When I get home from work, I'll post the schematic drawing I made (basically I just used Paint to duplicate the engraving that was on the top of the relay). I also have a drawing of the pin side so you can see the orientation of the pins on *MY* relay. I have no reason to think it would be any different on any other similar relay, because these things typically plug into a car's wiring via a one-piece connector.
                  Last edited by jsimmons; 06-22-2005, 09:34 PM.

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                  • #10
                    Once again, nice job....best kind of mod...solderless and inexpensive

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                    • #11
                      Just Wondering

                      Is this type of thing Safe?

                      I would think that it would really put a dmg on eletric bill

                      If u had 2 psu would they share the voltage or only as u stated one does one thing other does other.

                      Would this type of thing be benifical if say u dont have a strong enough power supply to keep constanct V12+ to oc your processor etc.



                      Thanks for the info

                      Comment


                      • #12
                        Negative_Energy, it's perfectly safe as long as the relay lasts. I've used this very setup for well over a year now. One thing I did was to ensure that my neccessary components were running on the master PSU and not the slave. If the relay fails, and the slave PSU drops out (which I feel is very unlikely), then I only lose things which won't end up causing damage (like a CPU fan, for instance). I suppose it would be wise to replace the relay every once in a while, but even that might be overkill.

                        Yes, it will pull more power....

                        They don't share the voltage. Each PSU runs only whatever you have plugged into it.

                        This setup will certainly be beneficial in some way. Is it worth it? Probably not. If you are looking to improve the power for overclocking means, the best thing to do is probably buy a good, quality PSU. If you are adding a bunch of hard drives and other stuff, then yeah, a second PSU might be just the thing.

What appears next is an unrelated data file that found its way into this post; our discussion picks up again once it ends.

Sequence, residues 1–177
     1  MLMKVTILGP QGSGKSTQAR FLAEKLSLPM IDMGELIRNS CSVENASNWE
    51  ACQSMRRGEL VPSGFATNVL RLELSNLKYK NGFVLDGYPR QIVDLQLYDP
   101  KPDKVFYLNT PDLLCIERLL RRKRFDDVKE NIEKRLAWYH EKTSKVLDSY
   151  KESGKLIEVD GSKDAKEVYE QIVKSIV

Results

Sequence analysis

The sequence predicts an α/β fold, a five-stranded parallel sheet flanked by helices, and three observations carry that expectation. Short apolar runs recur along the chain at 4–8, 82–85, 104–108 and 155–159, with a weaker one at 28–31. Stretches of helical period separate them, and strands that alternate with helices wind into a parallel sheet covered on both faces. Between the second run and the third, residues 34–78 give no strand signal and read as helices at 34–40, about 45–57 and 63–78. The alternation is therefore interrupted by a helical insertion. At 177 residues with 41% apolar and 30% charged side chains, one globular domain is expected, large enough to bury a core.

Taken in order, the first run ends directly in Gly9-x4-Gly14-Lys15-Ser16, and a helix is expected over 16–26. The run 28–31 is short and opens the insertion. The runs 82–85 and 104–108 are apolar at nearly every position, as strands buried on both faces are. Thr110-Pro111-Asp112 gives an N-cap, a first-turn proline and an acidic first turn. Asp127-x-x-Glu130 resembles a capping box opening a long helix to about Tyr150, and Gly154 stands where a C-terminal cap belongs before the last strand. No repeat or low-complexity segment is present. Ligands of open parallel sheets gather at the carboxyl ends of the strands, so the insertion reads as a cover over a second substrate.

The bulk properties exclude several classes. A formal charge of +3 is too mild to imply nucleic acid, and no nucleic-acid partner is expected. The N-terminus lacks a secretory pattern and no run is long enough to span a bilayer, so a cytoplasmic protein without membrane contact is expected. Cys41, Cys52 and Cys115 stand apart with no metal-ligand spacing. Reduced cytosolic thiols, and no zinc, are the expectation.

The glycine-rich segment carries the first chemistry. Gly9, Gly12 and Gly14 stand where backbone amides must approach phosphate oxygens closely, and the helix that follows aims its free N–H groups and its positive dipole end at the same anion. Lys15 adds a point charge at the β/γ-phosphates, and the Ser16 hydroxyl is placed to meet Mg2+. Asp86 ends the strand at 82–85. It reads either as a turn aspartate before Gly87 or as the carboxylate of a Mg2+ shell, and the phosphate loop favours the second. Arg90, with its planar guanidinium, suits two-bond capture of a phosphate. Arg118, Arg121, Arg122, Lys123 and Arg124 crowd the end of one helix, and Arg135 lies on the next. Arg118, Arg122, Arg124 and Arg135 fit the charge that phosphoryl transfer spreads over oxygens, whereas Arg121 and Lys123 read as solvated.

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                        • #13
                          So what if i was running 4 raptors in a raid 0 array off the secondary Psu in the middle of a 4 hour gaming session and the secondary Fails? Do you lose data, does it get corrupted?

                          This sounds ok for running non-vital components,but 1 pump and two fans just isn't worth the extra juice...or is it?

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                          • #14
                            Yes, of course...the same as if your PSU would fail right now. Running one PSU is always going to be better, simply because you are eliminating a component (the relay) that could potentially fail. If you are ultra paranoid, the best way to do it if you have to run 2 PSU's would be to have both of them plugged in and operated separately....in other words, when you boot your PC, you would turn your computer on and then switch on the 2nd PSU manually. Obviously you would have to bridge the second one so that it thinks it's plugged into a motherboard.

                            Why would you have to run 2 PSU's? If you can't afford a larger one, or if you are simply running too many components for the largest PSU you have/can buy. If you have a PC all blinged out with a billion fans/lights/etc.

                            Why do I run 2? Because I felt like it. Because I could. Because my case came with two PSU spaces. Because I'm running a buttload of fans and a buttload of drives. I have mine configured so that all my vital components are ran off my primary, so at least I won't damage anything if the relay fails.

                            Again, if you can afford it, the best route is to buy a larger, quality PSU than to go with two.....

                            HTH

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                            • #15
                              This should run just about anything you can stuff inside a computer case....

                              http://www.pcpowercooling.com/produc...php?show=TC1KW